By Colin Poitras
QR, or Quick Response, codes – those commonly black and white boxes that people scan with a smartphone to learn more about something – have been used to convey information about everything from cereals to cars and new homes.
But, University of Connecticut (UConn) researchers think the codes have a greater potential: protecting national security.
Using advanced 3-D optical imaging and extremely low light photon counting encryption, Board of Trustees Distinguished Professor Bahram Javidi and his research team have taken the ordinary QR code and transformed it into a high-end cybersecurity application that can be used to protect the integrity of computer microchips. The findings were published in IEEE Photonics Journal.
“An optical code or QR code can be manufactured in such a way that it is very difficult to duplicate,” said Javidi, whose team is part of UConn’s Center for Hardware Assurance, Security, and Engineering (CHASE) in the School of Engineering. “But if you have the right keys, not only can you authenticate the chip, but you can also learn detailed information about the chip and what its specifications are.
“And, that is important to the person using it.”
Corrupted and recycled integrated circuits or microchips posed a significant threat to the international electronics supply chain. Bogus or used computer chips may not matter much when they cause poor cell phone reception or an occasional laptop computer crash in personal use. But the problem becomes exponentially more serious when counterfeit or hacked chips turn up in the U.S. military.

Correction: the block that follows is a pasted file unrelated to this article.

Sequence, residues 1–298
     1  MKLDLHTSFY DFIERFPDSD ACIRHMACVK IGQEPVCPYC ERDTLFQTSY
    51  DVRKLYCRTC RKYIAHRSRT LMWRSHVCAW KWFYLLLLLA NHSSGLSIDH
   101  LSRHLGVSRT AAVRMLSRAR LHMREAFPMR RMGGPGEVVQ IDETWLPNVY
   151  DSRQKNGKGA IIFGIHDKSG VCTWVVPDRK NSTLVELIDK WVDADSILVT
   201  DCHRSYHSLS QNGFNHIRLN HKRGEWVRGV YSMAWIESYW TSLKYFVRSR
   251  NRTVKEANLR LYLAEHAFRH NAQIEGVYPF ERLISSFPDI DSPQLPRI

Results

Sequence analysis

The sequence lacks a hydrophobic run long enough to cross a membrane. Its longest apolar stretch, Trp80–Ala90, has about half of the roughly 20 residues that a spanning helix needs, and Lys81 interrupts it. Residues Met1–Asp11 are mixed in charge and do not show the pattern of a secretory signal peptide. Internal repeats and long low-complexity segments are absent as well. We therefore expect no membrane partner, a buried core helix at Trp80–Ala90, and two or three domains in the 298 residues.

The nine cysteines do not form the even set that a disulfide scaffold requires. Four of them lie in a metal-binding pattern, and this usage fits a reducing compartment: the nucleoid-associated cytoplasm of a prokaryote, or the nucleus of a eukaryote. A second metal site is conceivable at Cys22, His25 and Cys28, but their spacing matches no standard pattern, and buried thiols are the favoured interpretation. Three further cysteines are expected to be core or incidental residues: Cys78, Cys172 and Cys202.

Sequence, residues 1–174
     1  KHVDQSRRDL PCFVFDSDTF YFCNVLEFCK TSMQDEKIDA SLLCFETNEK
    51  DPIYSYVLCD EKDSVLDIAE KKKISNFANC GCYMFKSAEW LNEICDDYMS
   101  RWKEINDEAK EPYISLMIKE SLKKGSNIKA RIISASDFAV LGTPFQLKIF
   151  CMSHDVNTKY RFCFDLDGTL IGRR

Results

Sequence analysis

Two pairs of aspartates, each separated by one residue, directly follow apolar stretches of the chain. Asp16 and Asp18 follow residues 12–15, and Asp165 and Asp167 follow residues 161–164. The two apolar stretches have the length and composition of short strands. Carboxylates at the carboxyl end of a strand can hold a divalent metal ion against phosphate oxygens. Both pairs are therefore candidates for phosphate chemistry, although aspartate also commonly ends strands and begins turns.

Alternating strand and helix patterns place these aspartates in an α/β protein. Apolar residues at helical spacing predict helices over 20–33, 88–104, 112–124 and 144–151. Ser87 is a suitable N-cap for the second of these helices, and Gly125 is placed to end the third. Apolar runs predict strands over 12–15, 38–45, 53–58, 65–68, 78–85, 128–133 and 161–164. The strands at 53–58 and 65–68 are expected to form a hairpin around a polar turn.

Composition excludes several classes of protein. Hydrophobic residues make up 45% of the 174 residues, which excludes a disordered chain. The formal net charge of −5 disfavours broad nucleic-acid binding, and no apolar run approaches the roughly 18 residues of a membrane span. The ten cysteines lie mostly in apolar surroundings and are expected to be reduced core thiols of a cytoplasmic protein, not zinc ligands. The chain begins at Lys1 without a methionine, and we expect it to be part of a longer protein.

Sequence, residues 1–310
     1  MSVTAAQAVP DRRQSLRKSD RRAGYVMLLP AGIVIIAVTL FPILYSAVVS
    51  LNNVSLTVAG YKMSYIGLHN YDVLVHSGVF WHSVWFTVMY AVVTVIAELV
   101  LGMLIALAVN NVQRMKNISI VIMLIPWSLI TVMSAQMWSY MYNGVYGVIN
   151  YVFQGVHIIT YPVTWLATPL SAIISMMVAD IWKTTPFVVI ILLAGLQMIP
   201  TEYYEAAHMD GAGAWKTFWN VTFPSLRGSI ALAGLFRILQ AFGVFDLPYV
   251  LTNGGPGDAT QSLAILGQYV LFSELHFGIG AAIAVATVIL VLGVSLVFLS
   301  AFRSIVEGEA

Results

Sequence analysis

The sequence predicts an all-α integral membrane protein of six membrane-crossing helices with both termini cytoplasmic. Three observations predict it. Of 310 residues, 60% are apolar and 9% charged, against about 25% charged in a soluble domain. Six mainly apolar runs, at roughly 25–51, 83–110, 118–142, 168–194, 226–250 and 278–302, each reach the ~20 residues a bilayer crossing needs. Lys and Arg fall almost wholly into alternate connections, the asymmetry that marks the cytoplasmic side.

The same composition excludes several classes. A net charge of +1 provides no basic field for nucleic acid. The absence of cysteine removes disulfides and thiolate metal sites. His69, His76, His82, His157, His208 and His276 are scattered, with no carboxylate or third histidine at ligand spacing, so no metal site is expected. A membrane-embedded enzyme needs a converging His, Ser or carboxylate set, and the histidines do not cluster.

The problem has been exacerbated in recent years by the fact that much of the national production of microcircuits has moved offshore, where prices are lower but ensuring quality control is more difficult.
In 2012, a Senate Armed Services Committee report found that more than 100 cases of suspected counterfeit electronics parts from China had made their way into the Department of Defense supply chain. In one notable example, officials said counterfeit circuits were used in a high-altitude missile meant to destroy incoming missiles. Fixing the problem cost the government $2.675 million, the report said.
Unlike commercial QR codes, Javidi’s little black and white boxes can be scaled as small as microns or a few millimeters and would replace the electronic part number that is currently stamped on most microchips.
Javidi says he can compress vital information about a chip – its functionality, capacity, and part number – directly into the QR code so it can be obtained by the reader without accessing the Internet. This is important in cybersecurity circles, because linking to the Internet greatly increases vulnerability to hacking or corruption. Javidi’s work with QR codes was supported in part by the National Science Foundation.
To further protect the information in the QR code, Javidi applies an optical imaging “mask” that scrambles the QR code design into a random mass of black-and-white pixels that look similar to the snowy images one might see on a broken TV. He then adds yet another layer of security through a random phase photon-based encryption that turns the snowy image into a darkened nighttime sky with just a few random stars or dots of pixilated light.
The end result is a self-contained, highly secure, information-laden microscopic design that is nearly impossible to duplicate. Only individuals who have the special corresponding codes could decrypt the QR image.
And that is important to all of us.